Objective. Studies about sponge-zoanthid symbioses have been focused on understanding the specificity of the association, rather than testing what are the characteristics that make the host suitable to be colonized. For the first time it is investigated whether the Zoantharia Parazoanthus and Epizoanthus preference is related to the host sponge morphology (shape and mechanical resistance). Materials and methods. Sponges were categorized according to their shape and mechanical resistance. The presence/absence of zoanthids was recorded in 1,068 sponges at San Andres Island, and their habitat preference was evaluated using indices and confidence intervals. Results. 85 Parazoanthus colonies (78% of the total associations) and 24 Epizoanthus colonies (22%) were associated to sponges (10.2% in total). Parazoanthus uses branched and compressible sponges although prefers encrusting and fragile sponges, while Epizoanthus showes the opposite pattern, it can inhabit encrusting and fragile sponges but prefers branched and compressible sponges. Conclusion. These results indicated that sponge morphology is an important trait in zoanthid habitat selection. On the other hand, the similarity in the habitat used by zoanthids suggests the possibility of inter-generic competition if common resources are limited in time and space, while the differential habitat preference allows the competitive coexistence of both genera.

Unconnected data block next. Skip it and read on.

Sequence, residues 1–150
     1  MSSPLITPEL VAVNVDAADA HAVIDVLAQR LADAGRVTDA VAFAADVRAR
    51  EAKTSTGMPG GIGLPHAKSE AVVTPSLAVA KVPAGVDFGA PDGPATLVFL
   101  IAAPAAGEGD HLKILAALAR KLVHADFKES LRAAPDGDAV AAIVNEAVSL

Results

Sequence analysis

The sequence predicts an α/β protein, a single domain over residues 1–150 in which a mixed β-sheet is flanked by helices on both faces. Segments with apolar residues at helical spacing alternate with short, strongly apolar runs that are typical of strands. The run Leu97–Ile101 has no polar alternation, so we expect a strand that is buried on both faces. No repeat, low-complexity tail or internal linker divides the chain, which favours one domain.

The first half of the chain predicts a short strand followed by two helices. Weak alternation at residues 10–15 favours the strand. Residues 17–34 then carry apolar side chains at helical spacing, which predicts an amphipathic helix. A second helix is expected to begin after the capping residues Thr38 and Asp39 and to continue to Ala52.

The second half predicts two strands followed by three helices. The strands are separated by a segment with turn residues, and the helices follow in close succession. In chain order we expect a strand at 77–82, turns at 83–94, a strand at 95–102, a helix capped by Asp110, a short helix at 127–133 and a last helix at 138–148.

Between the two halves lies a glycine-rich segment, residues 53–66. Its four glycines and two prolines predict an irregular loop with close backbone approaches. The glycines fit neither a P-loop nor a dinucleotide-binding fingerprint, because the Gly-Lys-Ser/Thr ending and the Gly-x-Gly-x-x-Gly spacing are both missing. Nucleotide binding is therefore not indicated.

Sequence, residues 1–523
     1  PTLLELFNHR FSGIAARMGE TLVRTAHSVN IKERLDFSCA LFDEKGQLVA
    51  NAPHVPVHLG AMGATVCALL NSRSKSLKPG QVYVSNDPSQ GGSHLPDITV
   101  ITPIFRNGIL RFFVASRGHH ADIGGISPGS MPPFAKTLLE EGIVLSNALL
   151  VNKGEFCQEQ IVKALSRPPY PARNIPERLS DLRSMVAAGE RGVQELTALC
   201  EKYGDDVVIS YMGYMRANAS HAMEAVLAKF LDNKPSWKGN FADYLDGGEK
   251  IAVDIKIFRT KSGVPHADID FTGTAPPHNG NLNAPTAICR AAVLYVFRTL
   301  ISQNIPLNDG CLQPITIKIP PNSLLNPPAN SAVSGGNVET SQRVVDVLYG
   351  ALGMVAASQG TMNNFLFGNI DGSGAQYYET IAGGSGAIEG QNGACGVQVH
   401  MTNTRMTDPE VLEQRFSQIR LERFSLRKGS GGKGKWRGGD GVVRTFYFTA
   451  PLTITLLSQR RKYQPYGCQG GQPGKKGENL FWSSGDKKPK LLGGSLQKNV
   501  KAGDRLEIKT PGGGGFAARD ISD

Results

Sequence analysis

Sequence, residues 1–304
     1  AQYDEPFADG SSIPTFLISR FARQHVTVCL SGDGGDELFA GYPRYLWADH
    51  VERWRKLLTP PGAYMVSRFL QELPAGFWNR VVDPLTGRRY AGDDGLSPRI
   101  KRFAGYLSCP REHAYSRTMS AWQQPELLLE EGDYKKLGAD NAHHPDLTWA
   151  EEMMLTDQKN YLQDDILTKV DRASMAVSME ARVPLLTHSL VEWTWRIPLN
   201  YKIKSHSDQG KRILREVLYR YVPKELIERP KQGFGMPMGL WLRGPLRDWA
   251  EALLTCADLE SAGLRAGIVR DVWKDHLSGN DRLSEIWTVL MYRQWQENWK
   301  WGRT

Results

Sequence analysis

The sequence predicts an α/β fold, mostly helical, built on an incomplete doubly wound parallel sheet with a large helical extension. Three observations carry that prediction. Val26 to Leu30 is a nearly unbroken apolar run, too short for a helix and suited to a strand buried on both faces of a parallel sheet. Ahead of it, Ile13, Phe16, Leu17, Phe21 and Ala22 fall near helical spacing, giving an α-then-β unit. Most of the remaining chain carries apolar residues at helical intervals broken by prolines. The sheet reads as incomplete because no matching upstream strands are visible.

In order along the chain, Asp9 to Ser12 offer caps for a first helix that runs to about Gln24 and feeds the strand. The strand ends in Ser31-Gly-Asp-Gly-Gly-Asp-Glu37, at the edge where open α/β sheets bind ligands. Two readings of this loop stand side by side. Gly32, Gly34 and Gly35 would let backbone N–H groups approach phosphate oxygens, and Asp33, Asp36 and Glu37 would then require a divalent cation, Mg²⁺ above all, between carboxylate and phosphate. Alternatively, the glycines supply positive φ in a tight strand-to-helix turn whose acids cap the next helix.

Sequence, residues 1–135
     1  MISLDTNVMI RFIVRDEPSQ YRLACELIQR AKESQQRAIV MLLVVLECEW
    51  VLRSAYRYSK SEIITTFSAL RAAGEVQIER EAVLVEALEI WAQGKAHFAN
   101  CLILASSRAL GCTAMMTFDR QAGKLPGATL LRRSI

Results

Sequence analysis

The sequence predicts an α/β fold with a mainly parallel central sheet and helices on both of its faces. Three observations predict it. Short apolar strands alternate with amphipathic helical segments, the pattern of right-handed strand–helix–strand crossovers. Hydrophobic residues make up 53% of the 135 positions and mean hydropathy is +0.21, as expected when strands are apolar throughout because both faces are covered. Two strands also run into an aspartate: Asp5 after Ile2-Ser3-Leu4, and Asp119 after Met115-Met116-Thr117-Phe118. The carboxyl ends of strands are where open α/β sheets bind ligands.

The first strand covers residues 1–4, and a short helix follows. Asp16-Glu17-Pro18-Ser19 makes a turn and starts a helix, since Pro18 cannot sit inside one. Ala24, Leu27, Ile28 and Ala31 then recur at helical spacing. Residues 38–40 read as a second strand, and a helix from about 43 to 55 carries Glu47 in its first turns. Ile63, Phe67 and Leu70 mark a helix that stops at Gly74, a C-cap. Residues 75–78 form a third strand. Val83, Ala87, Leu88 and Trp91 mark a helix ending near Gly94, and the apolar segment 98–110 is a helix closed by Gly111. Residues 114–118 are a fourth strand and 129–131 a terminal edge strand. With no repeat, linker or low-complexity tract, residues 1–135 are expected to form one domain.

Key words: Epizoanthus, host, Parazoanthus, symbiont, sponge, morphology.